National Flag of Canada Day – February 15, 2012

February 15th was declared National Flag of Canada Day in 1996. It marks the day in 1965 when our red and white maple leaf flag was first raised over Parliament Hill in Ottawa, and indeed, hundreds of communities across Canada. Red and white were designated as Canada’s official colours in 1921 by His Majesty King George V.

Did You Know?

  • Every province and territory in Canada has its own flag. The one symbol that represents us at home and abroad is the red and white National Flag of Canada.
  • When the Canadian flag flies along with the flags of the 10 provinces and 3 territories, the flags of the provinces and territories follow in the order that they entered Confederation.

  • The maple leaf has been used as an emblem in Canada since the eighteenth century. It has often served to distinguish Canadians abroad, as was the case with Canada’s first Olympians in 1904.

  • Dr. George Stanley, a professor at Royal Military College in Kingston, Ontario in 1964, suggested a red and white single maple leaf design for the flag because it could be seen clearly from a distance.

  • The Canadian flag is twice as long as it is wide. The white square and its maple leaf make up half the surface of the flag – equal to the 2 red bars combined.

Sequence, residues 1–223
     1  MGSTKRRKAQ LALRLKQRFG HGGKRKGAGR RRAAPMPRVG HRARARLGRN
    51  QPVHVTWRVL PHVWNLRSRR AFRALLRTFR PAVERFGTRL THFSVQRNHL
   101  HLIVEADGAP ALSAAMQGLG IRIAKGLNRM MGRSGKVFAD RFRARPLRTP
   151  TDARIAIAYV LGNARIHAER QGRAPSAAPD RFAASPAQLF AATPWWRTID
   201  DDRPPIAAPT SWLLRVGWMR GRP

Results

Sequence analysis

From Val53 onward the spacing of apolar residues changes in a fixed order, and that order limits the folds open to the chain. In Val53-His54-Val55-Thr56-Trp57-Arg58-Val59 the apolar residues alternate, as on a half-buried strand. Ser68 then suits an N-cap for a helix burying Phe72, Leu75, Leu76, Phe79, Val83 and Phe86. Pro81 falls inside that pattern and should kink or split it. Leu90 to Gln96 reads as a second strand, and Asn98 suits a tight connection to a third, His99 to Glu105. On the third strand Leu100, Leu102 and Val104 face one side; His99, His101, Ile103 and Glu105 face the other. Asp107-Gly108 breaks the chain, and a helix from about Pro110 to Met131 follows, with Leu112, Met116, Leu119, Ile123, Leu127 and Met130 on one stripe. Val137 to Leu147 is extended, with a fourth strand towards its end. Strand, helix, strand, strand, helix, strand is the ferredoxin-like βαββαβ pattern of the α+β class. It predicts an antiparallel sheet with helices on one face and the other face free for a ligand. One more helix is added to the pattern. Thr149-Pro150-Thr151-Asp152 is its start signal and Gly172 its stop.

• Vexillologists (flag experts) often cite the National Flag of Canada as one of the world’s most beautiful based on its simple design and limited number of colours.

  • In 1982, Laurie Skreslet, a skier from Calgary, took the Canadian flag to the highest point in the world, Mount Everest. Along with the flag, the expedition was outfitted with another 27 tonnes of equipment.

  • In 1984, the Canadian flag reached new heights when it blasted into space on the flight mission uniform of Marc Garneau, the first Canadian astronaut in space.

Happy National Flag of Canada Day!

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The Cannonball In The Tree

I have read that in Quebec city there is a tree that has grown around a cannonball. It’s in the Upper Town (Haute-Ville) of Old Québec (Vieux-Québec) which is surrounded by fortress walls. This section of the city overlooks the St. Lawrence River.

Lodged at the base of the trunk, one story says that the cannonball landed here during the War of 1759 and over the years became firmly embraced by the tree. Another story says that it was placed here on purpose to keep the wheels of horse-drawn carriages from bumping the tree when making tight turns.

The next time I’m in Quebec city I would like to visit this part of the city and see the cannonball. How do you think the cannonball ended up inside the tree?

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